|Still Life with Banana Bread|
It was a sign.
I felt the cooking urge rise up in me like sap. Sometimes being an addict is a beautiful thing. You can channel that obsessiveness in a positive, productive way.
I read Maili's recipe, hellbent on making my first banana bread ever that day (July 25th). Whoops. No electric handmixer. I drove to Target, picked up a simple Kitchen Aid five-speed electric handmixer. (White, which was $10 cheaper!) Picked up sour cream from Trader Joe's. First time buying that, too. I followed the recipe diligently, in a kind of hyper-focused trance. Cooking feels similar to a writing trance -- but it's more linear. More meditative. More now. The ephemeral quality of the result somehow adds to the art of cooking. Time is an ingredient. You've got to keep track and stay present, whereas in writing, you can drift in a daydream of timelessness. It's delicious, but disorienting. Cooking seems to be providing balance when I didn't even realize I was wobbly.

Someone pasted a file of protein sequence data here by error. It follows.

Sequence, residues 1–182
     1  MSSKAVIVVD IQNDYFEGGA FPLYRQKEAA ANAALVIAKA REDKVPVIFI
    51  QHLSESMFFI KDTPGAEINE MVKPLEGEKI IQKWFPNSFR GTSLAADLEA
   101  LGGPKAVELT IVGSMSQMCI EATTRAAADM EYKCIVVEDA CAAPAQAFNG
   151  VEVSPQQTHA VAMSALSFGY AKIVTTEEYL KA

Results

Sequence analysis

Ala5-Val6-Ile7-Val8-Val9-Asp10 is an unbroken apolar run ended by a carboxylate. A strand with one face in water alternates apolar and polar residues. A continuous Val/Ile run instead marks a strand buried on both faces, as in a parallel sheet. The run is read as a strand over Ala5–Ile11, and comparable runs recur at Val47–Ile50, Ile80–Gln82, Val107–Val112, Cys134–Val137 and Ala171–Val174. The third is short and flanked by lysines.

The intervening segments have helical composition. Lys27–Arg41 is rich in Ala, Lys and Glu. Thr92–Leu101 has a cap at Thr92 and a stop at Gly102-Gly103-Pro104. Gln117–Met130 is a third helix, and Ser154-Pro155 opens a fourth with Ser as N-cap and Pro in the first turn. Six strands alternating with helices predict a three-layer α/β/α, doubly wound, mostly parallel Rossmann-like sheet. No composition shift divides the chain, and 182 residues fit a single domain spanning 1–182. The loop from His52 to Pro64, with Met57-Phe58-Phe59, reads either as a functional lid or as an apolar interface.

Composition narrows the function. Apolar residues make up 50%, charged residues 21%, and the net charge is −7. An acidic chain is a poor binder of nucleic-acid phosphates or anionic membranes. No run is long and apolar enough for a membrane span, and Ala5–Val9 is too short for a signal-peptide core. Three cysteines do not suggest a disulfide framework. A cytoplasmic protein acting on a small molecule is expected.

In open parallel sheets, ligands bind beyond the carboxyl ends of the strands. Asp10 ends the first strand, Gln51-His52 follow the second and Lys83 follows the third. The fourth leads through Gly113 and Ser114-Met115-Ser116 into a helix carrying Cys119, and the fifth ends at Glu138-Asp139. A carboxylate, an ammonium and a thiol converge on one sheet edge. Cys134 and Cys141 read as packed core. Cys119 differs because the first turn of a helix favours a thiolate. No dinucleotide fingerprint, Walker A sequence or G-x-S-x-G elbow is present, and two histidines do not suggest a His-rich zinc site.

When the bread came out and it looked so perfect, I was stunned. It felt like magic.
Deanne Stillman, wondrous author of Twenty-Nine Palms: A True Story of Murder, Marines and the Mojave and Mustang: The Saga of the Wild Horse in the American West, came for lunch (more on that meal another time). For dessert, I offered her a slice of banana bread topped w/warm cherry sauce left over from an appetizer (more on that in another post) and a dollop of Haagen-Dazs vanilla ice cream. She said she couldn't stop thinking about it (after she devoured it). That it was light and airy compared to other banana breads.
Next time you see two brown bananas, maybe you'll think twice. Ripeness is all. Here's the recipe. Try it and see what happens.
Maili's Banana Bread
If I can cook, anyone can.